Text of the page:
Infants have a hard time digesting oils, 1999 1997 and palm oils W.A. Price 1 2 3
Coconut oil, such as in D-Drops, is digested by infants. 1, 2 3
Bio-Tech Pharmacal Vitamin D has NO additves, taste, oil
One capsule of 50,000 Bio-Tech Pharmacal Vitamin D could be stirred into monthly formula
this would result in ~1,600 IUs per day for infant, and higher dose with weight/age/formula consumption
540 items in the category Infant/Child See also
- breastfed 962 items as of Sept 2017
- "BIRTH DEFECTS" 172 items as of July 2016
- Stunting OR “low birth weight” OR LBW OR preemie OR preemies OR preterm 1940 items as of Oct 2018
- "SUDDEN INFANT DEATH" OR SIDS 177 items as of Nov 2018
- Overview of Rickets and Vitamin D
- Youth category listing has
141 items along with related searches
- Question Does a higher dose (1200 IU) of supplemental vitamin D3 administered to healthy infants increase bone strength or decrease incidence of infections compared with the standard dose (400 IU)?
- Findings This randomized clinical trial of 975 infants found no difference in bone strength or incidence of infections between intervention groups at 24 months of age.
- Meaning In healthy infants, daily supplementation with 1200 IU of vitamin D3 provides no additional benefits compared with supplementation with 400 IU for bone strength or incidence of infections in early childhood.
Importance Although guidelines for vitamin D supplementation in infants have been widely implemented, they are mostly based on studies focusing on prevention of rickets. The optimal dose for bone strength and infection prevention in healthy infants remains unclear.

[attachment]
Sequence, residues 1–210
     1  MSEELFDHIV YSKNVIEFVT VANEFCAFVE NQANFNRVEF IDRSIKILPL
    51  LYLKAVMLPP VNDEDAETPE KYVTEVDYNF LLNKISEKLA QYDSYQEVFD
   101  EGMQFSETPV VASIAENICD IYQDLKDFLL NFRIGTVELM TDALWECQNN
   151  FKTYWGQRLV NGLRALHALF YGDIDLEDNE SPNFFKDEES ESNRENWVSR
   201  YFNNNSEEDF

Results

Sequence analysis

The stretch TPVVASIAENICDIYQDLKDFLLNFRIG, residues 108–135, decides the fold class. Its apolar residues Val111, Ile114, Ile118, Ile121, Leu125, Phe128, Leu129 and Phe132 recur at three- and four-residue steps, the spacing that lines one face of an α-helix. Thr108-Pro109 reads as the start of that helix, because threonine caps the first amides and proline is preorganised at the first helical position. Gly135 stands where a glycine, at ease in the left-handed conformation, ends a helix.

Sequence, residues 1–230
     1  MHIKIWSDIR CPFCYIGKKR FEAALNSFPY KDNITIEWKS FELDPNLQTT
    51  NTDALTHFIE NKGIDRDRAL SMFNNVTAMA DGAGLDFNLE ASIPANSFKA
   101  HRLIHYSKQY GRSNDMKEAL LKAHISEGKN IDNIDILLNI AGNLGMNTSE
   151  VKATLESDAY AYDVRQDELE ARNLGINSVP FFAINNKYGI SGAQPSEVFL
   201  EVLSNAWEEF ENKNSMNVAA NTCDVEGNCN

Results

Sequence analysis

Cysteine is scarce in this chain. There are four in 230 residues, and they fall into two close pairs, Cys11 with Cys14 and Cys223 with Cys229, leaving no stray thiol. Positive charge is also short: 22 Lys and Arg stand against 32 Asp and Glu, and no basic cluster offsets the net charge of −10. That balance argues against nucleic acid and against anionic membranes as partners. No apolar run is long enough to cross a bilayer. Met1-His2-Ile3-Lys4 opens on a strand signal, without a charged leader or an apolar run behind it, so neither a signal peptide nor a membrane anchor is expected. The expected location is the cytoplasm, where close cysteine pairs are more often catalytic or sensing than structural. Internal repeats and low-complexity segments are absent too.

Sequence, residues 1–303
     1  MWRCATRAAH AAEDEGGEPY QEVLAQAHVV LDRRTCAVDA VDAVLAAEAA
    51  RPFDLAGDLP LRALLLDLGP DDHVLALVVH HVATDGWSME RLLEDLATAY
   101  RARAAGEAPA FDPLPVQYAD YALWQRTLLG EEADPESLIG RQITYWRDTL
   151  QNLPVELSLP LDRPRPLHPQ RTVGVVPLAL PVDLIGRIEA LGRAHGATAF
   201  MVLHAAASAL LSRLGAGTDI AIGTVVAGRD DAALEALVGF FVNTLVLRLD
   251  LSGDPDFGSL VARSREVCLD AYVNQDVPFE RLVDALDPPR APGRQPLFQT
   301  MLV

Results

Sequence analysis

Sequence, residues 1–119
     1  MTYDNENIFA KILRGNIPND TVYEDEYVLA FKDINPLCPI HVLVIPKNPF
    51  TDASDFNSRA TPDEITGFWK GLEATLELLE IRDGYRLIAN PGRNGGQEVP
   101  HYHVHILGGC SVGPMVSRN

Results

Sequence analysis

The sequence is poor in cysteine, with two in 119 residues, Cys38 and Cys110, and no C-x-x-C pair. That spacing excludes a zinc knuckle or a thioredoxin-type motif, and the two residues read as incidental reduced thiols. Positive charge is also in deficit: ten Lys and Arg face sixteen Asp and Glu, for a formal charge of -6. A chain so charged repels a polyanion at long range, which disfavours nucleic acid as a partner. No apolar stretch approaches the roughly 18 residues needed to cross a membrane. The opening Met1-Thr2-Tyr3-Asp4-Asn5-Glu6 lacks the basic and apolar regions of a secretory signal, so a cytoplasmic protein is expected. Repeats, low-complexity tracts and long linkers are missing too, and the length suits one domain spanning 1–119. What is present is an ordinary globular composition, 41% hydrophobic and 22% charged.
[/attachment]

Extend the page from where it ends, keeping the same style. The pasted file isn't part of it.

Objective To determine whether daily supplementation with 1200 IU of vitamin D3 increases bone strength or decreases incidence of infections in the first 2 years of life compared with a dosage of 400 IU/d.
Design, Setting, and Participants A randomized clinical trial involving a random sample of 975 healthy term infants at a maternity hospital in Helsinki, Finland. Study recruitment occurred between January 14, 2013, and June 9, 2014, and the last follow-up was May 30, 2016. Data analysis was by the intention-to-treat principle.
Interventions Randomization of 489 infants to daily oral vitamin D3 supplementation of 400 IU and 486 infants to 1200 IU from age 2 weeks to 24 months.
Main Outcomes and Measures Primary outcomes were bone strength and incidence of parent-reported infections at 24 months.
Results Of the 975 infants who were randomized, 485 (49.7%) were girls and all were of Northern European ethnicity. Eight hundred twenty-three (84.4%) completed the 24-month follow-up. We found no differences between groups in bone strength measures, including bone mineral content (mean difference, 0.4 mg/mm; 95% CI, −0.8 to 1.6), mineral density (mean difference, 2.9 mg/cm3; 95% CI, −8.3 to 14.2), cross-sectional area (mean difference, –0.9 mm2; 95% CI, −5.0 to 3.2), or polar moment of inertia (mean difference, –66.0 mm4, 95% CI, −274.3 to 142.3). Incidence rates of parent-reported infections did not differ between groups (incidence rate ratio, 1.00; 95% CI, 0.93-1.06).
At birth, 914 of 955 infants (95.7%) were vitamin D sufficient (ie, 25-hydroxyvitamin D [25(OH)D] concentration ≥20.03 ng/mL). At 24 months, mean 25(OH)D concentration was higher in the 1200-IU group than in the 400-IU group (mean difference, 12.50 ng/mL; 95% CI, 11.22-13.78).
Conclusions and Relevance A vitamin D3 supplemental dose of up to 1200 IU in infants did not lead to increased bone strength or to decreased infection incidence. Daily supplementation with 400 IU vitamin D3 seems adequate in maintaining vitamin D sufficiency in children younger than 2 years.
Trial Registration ClinicalTrials.gov Identifier: NCT01723852